It’s hot in New York right now and Central Park is a great place to get away from the heat of the city’s streets and enjoy some green open space. My visit to the park begins at the entrance at 79th Street and Fifth Avenue, just by the Met museum.
The tall Egyptian Obelisk is the oldest man made object in Central Park and the oldest outdoor monument in New York City, it’s one of a pair the other one on the Embankment in London. The granite monument is 69 feet tall and weighs in at 220 tons.
A little further on I come into the area of the Great Lawn a really nice spot for enjoying a picnic and some great views of the high rises beyond the park. Walking past the Delacorte outdoor theatre I come into the Shakespeare Garden a four acre landscape named after the famous English playwright. This pretty spot is planted with flowers and shrubs mentioned in his poems and plays.
At the top is the imposing Belvedere Castle, created by Calvert Vaux the miniature castle was built in 1869 and was intended as a look out to the reservoir to the north – now the Great Lawn – and the Ramble to the south. You can get some great views across the park and of the city skyline from here.
Leaving the castle I headed south and entered the Ramble, a meandering pathway through wooded terrain and a wonderfully quiet spot to loose yourself in.
The picturesque cast iron Bow Bridge is at the southern end of the Ramble and gives some great views across the lake.
Continuing along the northern perimeter of the lake I come across the Loeb Boathouse, a lovely restaurant that has a wonderful terrace overlooking the water. Expensive, yes, but a great place to spend a few hours having lunch.
The Bethesda Terrace is one of the parks most famous areas and is considered the heart of Central Park. In their original plan, park designers Frederick Law Olmsted and Calvert Vaux envisioned a sweeping promenade – The Mall – that led to a grand terrace overlooking the lake, this was the result.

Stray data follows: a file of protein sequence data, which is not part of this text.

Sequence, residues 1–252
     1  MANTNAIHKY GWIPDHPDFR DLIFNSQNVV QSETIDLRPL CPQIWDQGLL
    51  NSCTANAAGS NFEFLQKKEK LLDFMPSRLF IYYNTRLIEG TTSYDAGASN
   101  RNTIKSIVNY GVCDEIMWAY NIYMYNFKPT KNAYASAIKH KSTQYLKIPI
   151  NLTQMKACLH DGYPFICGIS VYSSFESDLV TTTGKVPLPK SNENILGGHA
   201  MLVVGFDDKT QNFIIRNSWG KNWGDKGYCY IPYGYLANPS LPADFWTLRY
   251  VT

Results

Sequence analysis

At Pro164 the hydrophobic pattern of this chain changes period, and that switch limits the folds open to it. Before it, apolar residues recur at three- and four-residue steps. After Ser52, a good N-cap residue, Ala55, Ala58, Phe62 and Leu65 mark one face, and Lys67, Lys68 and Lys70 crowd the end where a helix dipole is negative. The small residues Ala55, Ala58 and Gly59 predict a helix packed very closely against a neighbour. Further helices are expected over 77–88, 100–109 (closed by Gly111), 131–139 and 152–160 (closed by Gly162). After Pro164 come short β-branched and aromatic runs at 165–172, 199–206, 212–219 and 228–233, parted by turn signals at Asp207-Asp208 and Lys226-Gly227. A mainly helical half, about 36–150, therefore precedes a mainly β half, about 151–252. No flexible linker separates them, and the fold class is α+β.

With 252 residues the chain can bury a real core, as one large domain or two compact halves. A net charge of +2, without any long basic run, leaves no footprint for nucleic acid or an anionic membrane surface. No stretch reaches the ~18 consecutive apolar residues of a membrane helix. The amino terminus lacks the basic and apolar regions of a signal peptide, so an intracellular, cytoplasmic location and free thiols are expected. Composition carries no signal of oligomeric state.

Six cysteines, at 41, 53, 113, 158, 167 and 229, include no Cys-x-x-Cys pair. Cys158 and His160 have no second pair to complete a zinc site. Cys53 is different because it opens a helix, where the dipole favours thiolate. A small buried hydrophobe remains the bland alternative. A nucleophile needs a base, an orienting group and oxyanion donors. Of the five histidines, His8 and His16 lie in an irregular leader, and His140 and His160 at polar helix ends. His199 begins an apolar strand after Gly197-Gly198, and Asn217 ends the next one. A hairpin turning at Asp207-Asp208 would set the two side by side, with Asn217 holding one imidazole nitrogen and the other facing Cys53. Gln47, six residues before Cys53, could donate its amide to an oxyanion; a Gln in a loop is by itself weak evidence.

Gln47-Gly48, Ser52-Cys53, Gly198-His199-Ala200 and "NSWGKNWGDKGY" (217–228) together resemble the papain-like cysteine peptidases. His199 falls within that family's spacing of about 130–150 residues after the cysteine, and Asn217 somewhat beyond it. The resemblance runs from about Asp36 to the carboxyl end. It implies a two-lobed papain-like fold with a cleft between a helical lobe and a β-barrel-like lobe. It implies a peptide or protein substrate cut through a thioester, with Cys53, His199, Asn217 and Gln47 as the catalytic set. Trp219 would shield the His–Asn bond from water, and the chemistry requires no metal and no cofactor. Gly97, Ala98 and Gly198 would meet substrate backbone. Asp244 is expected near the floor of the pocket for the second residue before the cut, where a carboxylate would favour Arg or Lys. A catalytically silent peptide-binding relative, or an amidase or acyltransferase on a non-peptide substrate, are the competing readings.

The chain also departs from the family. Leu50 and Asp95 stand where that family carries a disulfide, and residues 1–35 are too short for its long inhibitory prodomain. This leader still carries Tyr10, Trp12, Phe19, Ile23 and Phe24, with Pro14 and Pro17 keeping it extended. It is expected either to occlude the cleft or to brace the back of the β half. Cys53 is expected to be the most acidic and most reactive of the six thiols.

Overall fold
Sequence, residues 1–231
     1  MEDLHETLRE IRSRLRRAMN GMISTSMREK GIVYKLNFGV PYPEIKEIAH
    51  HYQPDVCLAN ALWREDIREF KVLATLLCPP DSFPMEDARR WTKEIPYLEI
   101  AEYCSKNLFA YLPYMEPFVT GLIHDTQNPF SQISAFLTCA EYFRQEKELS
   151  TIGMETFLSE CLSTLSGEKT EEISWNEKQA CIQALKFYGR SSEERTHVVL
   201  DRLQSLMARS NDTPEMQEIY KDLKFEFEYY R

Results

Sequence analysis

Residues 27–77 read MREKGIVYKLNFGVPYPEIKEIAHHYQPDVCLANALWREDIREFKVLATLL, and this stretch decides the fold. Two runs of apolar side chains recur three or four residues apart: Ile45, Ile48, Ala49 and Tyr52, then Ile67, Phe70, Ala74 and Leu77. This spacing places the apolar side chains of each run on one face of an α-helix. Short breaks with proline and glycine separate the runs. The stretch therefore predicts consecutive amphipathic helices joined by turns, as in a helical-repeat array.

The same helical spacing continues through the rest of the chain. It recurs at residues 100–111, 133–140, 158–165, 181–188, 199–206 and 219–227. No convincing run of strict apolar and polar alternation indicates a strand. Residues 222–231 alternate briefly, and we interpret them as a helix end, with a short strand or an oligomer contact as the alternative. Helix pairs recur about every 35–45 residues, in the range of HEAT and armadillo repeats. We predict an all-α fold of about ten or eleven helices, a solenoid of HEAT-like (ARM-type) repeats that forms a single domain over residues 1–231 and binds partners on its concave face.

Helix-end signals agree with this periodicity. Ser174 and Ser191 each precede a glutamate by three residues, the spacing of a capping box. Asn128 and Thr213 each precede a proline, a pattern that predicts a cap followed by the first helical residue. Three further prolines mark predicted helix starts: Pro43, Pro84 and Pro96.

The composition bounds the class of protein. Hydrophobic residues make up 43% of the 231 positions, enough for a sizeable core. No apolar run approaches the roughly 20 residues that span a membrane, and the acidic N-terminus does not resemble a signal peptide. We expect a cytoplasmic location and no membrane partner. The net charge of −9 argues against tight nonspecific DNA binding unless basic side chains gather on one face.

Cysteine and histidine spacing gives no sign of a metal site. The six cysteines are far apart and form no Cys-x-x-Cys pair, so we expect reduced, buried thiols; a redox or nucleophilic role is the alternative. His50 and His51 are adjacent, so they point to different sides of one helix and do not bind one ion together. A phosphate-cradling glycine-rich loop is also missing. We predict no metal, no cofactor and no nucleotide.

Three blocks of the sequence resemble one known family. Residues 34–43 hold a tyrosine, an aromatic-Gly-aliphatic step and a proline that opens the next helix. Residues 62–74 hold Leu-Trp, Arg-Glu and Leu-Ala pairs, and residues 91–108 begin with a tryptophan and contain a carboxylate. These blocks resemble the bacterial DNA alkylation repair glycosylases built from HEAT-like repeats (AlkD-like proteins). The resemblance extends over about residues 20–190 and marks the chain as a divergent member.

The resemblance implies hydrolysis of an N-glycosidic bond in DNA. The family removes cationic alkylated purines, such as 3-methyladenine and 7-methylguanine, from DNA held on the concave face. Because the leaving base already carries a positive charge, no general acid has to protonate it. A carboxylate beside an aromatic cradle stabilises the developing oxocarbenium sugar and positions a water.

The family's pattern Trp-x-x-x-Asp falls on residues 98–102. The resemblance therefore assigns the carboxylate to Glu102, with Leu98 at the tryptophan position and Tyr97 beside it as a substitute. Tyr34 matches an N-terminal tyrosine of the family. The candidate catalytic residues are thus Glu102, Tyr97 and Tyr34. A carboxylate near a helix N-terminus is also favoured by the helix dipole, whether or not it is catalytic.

From the plaza I go through the underpass with its magnificent and completely restored tile ceiling, it’s really worth stopping and taking a few minutes to admire it.
Having climbed the steps I’m now on The Mall, a beautiful elm lined promenade and one of the park’s most scenic pathways. Also known as Literary Walk it’s filled with several statues of important historical figures.
At the end of The Mall is the statue of Christopher Columbus and beyond to the west the popular Sheep Meadow, I walk down to the Dairy Visitor Centre and Gift Shop and make my way to the historic Carousel with its sweet calliope music and 57 magnificent horses it’s one of the park’s most popular attractions. There’s been a carousel here since 1871.
The Woolman Ice Rink is a great place to skate in the winter but in the summer months it hosts an old fashioned amusement park geared up towards smaller children.
At the neck of the Pond near 59th Street is the Gapstow Bridge, one of the most iconic bridges in Central Park. This is not the original bridge, the first one made of wood and iron deteriorated and was replaced with this one in 1896.
My final stop on my wander around Central Park is the Central Park Zoo, a small but charming zoo, I didn’t visit but from what I could see it looked like a fun place to go especially with small children.
Just a little further down from the zoo you can see the Delacorte Clock, named after the philanthropist George T. Delacorte the clock brings seasonal chimes and nursery rhymes on the half hour. The clock sits atop a three tired tower and features a band of whimsical animals, two bronze monkeys banging hammers against a bell, a penguin on a drum, a hippo on a violin, a bear and his tambourine, a concertina playing elephant, a goat with pipes, and a kangaroo on horn.
Although I’ve certainly not seen everything Central Park has to offer I hope this gives you a glimpse of a wonderful space in the heart of New York City.